Southern Lightning

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1323. RTLSNK
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I think that cell from the Tuscaloosa tornado is finally dying out on the Virginia / North Carolina border near Mt Airy. I am pretty sure that is the same storm.
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Deleted ... bad link
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Deleted. Old news, I think. My apologies.
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BULLETIN - EAS ACTIVATION REQUESTED
TORNADO WARNING
NATIONAL WEATHER SERVICE PEACHTREE CITY GA
228 AM EDT THU APR 28 2011

THE NATIONAL WEATHER SERVICE IN PEACHTREE CITY HAS ISSUED A

* TORNADO WARNING FOR...
SOUTHWESTERN JASPER COUNTY IN CENTRAL GEORGIA
NORTHWESTERN JONES COUNTY IN CENTRAL GEORGIA
MONROE COUNTY IN CENTRAL GEORGIA
SOUTHERN LAMAR COUNTY IN WEST CENTRAL GEORGIA

* UNTIL 315 AM EDT
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Guess i will stay up all nite watching RADARS for my Daughter and others. She is sleeping by her phone and has a mattress in the bathroom if i call her. She is prepared if i call.
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http://www.radioreference.com/apps/audio/?action= wp&feedId=3780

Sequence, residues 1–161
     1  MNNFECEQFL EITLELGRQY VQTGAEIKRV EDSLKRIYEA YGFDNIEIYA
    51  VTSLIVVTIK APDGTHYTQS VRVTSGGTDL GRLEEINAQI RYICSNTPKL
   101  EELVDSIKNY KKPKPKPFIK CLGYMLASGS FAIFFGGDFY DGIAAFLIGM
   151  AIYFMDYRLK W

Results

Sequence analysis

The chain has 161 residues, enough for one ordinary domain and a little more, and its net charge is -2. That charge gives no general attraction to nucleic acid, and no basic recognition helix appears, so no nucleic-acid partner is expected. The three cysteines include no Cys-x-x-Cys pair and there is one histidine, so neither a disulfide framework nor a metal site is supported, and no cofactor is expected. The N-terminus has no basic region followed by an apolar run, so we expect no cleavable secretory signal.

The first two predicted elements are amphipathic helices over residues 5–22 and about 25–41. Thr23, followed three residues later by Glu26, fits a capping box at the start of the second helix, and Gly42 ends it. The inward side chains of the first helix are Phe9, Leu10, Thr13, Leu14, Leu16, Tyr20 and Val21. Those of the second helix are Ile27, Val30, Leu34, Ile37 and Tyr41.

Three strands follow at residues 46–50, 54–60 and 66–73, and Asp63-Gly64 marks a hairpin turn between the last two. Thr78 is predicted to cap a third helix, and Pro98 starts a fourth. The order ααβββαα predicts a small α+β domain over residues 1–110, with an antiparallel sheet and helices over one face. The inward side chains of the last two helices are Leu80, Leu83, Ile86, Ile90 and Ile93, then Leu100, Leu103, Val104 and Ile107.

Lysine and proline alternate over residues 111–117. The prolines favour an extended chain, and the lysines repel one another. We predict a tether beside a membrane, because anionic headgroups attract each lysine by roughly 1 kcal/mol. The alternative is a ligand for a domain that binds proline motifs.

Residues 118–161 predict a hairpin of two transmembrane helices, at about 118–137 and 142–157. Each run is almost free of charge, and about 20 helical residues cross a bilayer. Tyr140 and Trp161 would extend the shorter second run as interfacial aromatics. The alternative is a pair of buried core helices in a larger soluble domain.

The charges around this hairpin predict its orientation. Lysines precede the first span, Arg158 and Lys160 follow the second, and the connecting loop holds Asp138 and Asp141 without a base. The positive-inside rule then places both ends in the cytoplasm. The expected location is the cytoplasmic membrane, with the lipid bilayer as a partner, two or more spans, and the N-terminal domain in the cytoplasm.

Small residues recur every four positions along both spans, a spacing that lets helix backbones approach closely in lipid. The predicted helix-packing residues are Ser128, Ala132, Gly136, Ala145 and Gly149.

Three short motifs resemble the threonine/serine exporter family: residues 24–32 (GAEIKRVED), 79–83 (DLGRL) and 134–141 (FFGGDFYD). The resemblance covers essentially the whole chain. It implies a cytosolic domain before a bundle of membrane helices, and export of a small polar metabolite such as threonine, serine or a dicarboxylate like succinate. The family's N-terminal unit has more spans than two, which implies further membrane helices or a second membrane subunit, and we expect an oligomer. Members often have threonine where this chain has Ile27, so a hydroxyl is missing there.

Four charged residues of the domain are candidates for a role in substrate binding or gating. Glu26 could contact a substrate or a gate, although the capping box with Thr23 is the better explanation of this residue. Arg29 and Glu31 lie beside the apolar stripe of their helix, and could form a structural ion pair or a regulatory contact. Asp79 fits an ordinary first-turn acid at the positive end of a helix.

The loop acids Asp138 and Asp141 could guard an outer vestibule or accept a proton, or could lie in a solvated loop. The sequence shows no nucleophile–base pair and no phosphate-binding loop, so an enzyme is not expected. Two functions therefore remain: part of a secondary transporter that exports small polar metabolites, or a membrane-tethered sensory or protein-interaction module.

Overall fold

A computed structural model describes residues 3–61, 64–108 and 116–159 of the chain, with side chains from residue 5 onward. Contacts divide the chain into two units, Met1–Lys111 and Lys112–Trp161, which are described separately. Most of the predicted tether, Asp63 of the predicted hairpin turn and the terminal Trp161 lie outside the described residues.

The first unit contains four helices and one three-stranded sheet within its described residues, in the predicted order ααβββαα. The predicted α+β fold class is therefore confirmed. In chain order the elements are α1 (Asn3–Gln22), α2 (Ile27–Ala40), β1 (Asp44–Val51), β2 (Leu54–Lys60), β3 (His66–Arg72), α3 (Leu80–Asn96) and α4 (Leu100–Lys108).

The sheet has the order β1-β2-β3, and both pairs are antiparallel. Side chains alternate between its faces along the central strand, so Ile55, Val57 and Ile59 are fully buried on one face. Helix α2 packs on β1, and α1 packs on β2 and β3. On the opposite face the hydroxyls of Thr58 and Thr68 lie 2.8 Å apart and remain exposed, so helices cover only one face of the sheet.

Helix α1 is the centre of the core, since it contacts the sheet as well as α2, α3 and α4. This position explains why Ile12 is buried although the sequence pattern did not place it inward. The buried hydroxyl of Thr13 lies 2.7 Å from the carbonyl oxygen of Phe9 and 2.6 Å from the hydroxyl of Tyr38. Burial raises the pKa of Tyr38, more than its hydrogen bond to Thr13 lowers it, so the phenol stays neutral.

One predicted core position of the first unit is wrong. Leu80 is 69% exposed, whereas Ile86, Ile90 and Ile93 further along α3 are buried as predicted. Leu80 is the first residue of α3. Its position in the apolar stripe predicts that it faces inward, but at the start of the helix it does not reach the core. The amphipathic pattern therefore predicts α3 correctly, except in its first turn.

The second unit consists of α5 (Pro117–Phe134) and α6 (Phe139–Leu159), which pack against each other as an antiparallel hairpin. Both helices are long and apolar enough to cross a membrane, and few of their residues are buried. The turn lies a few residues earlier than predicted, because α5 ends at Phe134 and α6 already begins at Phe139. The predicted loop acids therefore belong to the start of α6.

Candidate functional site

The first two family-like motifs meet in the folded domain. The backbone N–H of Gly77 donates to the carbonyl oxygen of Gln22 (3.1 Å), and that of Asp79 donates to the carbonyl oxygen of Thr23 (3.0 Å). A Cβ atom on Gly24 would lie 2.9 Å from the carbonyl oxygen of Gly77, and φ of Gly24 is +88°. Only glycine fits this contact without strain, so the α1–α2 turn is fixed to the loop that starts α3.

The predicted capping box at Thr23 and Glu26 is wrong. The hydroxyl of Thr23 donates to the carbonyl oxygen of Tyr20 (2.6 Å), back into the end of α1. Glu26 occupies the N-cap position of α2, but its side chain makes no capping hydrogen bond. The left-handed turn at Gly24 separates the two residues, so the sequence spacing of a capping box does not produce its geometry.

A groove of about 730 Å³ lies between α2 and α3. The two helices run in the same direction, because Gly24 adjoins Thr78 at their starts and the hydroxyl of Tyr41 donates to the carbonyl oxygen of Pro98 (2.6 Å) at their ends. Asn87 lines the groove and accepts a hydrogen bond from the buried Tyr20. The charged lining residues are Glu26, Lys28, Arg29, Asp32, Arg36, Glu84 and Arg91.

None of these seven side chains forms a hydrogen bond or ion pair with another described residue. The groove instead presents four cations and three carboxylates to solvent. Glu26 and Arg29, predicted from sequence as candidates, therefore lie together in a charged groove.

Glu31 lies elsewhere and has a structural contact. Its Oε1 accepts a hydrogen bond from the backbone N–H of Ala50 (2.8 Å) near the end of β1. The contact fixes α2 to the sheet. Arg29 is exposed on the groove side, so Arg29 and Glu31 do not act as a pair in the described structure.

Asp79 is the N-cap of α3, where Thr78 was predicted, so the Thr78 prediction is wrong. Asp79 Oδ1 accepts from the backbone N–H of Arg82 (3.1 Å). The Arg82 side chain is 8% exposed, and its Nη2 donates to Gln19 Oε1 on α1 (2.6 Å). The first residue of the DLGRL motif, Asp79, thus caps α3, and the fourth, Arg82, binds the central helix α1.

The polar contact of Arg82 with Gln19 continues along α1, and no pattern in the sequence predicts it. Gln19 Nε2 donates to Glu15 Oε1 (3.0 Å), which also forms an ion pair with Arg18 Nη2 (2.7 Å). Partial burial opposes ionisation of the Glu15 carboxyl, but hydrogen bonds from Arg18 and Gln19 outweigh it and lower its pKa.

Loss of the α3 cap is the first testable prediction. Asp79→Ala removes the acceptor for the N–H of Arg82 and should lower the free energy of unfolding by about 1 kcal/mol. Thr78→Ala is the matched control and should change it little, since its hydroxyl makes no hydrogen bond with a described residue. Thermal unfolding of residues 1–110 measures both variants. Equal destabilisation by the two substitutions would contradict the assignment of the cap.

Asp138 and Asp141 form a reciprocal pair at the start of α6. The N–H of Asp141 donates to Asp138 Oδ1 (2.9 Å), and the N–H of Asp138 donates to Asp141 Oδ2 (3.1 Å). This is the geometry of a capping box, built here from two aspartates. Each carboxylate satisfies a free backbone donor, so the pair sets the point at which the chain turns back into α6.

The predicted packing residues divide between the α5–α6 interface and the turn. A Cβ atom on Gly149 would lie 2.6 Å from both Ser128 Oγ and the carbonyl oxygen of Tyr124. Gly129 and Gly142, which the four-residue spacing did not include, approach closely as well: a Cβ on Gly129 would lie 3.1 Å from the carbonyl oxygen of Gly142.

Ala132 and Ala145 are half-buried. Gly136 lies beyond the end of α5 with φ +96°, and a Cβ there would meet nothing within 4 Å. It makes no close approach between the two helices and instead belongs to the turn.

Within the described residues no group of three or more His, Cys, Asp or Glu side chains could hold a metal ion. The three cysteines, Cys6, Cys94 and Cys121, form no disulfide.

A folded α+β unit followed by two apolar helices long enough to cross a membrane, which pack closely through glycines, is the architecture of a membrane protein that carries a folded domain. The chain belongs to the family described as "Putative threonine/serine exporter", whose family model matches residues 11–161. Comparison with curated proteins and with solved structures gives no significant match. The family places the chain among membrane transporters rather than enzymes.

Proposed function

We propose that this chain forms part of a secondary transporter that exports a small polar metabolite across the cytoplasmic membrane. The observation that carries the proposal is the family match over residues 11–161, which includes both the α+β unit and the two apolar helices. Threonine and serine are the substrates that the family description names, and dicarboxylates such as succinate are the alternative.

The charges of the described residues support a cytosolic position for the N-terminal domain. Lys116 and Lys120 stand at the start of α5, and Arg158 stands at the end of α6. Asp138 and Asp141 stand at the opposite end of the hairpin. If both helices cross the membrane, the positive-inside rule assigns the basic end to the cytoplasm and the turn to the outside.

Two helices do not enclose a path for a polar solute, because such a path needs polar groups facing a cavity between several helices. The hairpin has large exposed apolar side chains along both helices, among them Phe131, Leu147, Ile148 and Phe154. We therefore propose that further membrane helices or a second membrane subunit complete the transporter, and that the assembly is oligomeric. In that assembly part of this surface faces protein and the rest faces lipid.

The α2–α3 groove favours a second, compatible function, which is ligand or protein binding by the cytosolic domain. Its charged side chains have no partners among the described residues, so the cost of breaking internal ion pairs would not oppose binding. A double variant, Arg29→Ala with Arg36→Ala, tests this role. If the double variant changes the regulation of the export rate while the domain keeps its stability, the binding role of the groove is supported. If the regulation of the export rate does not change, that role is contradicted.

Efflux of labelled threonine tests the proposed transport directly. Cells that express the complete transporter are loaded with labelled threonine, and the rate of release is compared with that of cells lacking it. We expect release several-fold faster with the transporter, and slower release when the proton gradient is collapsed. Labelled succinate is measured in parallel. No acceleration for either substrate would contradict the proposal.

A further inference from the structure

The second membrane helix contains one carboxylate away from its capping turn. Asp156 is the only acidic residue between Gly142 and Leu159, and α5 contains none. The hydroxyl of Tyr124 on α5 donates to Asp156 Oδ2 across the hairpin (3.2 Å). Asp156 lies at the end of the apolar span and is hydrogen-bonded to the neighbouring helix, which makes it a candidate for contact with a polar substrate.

EMS is asking for help..........OMG! MAJOR damage they are saying south of Atlanta!
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1313. mbjjm
It's been another crazy night of tornados and severe weather.These past few days will go down in history. Overview from cnn
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I'm still coming to terms with how bad this was tonight, my gosh.........


Well, looking into history, there really is no correlation between severe weather outbreaks in the U.S. and a bad hurricane season. Hopefully, that will continue this year. Its just 2011 seems to be having more and more disturbing weather events, and you can't help but wonder if the Atlantic Hurricane Season will follow.